The Assistant Commissioner for Road Policing has said the mistaken prosecutions for road traffic offences are his responsibility and if the Garda Commissioner asks for him to be moved from his position, he will accept that.

The statement comes after it emerged more than 14,500 people who were prosecuted for road traffic offences are to have their convictions quashed because of garda error.

About 14,700 people convicted in the courts were prosecuted without a fixed-charge notice first being issued.

Gardaí now have to appeal all those convictions, have those court-imposed penalties removed and the State has to cover all costs, estimated to run into millions of euro.

It has also been revealed that from 2011 to 2016, the number of drink-driving tests gardaí claimed to have carried out was hugely exaggerated, by over 937,000.

Speaking on RTÉ's Drivetime, Assistant Commissioner Michael Finn said a mistake was made and it was due to a systems failure and carelessness.

He said it happened in every garda region and was due to deficiences in practices. 

He also apologised to those affected.

Earlier gardaí say they do not know why it happened and have pointed to system and policy failures.

Read: Garda statement in full

However, they accepted it is reasonable for people to conclude many of the figures were just being made up.

The Policing Authority has said it is is alarmed at the scale of the discrepancies disclosed between actual roadside alcohol tests administered and the numbers recorded by gardaí.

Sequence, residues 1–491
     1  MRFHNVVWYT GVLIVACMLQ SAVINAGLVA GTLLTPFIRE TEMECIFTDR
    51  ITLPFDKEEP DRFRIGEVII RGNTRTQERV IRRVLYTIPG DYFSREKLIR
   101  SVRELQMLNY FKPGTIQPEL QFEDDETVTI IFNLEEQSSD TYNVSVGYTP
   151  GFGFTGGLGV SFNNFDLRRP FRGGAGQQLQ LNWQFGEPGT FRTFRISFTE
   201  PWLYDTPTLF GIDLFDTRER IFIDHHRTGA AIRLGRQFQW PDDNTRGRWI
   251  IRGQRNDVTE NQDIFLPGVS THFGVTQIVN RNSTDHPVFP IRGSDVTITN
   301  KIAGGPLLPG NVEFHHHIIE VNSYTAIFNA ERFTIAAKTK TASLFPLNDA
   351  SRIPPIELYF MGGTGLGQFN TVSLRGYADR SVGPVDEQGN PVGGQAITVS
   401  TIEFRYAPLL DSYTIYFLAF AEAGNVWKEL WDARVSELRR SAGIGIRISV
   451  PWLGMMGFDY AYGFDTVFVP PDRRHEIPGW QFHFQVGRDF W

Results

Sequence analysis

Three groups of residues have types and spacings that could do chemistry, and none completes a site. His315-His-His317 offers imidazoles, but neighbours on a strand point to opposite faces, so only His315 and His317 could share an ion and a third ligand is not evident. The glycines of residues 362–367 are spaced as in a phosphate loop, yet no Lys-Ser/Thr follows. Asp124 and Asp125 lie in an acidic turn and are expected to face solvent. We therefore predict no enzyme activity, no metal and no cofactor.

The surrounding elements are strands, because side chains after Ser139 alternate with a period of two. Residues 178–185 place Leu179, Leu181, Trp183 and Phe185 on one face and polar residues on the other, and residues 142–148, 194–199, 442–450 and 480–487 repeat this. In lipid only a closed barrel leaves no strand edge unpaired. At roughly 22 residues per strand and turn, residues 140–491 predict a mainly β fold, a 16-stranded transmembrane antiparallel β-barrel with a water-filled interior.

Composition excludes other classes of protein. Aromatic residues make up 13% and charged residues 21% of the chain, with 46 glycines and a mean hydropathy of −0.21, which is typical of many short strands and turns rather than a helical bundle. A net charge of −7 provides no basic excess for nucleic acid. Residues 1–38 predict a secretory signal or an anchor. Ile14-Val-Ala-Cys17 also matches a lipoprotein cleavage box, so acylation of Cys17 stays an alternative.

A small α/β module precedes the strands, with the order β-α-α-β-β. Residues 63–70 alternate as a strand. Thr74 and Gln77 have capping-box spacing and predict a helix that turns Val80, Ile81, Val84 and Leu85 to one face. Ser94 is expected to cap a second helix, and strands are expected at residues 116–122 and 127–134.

In a statement following a public acknowledgement by An Garda Síochána of the issue, the Authority said "this is not just an academic statistical matter, it is an ethical one".

"It raises serious questions of integrity for the Garda Síochána organisation and combined with previous issues regarding inflated activity levels, erodes confidence in the credibility of garda data generally."

Medical Bureau of Road Safety data show 1,058,157 tests were administered, whereas An Garda Síochána recorded that 1,995,369 tests were carried out.

"It again raises concerns about management and supervision, echoing findings of the Garda Inspectorate, Judge O’Higgins and others," the Policing Authority said.

It says that it is the authority's view that "the scale of the discrepancy is further evidence of deep cultural problems within the police service – a culture in which such behaviour was possible".

It called on the various arms of the State, the Director of Public Prosecutions, courts and gardaí, to work together to speedily remedy matters. The statement continues: "These issues will continue to be pursued by the Authority as part of its oversight role."

It says it is also concerned about a broader range of issues including around the issue/non-issue of summons and what happens to cases generally between checkpoint, detection and conviction.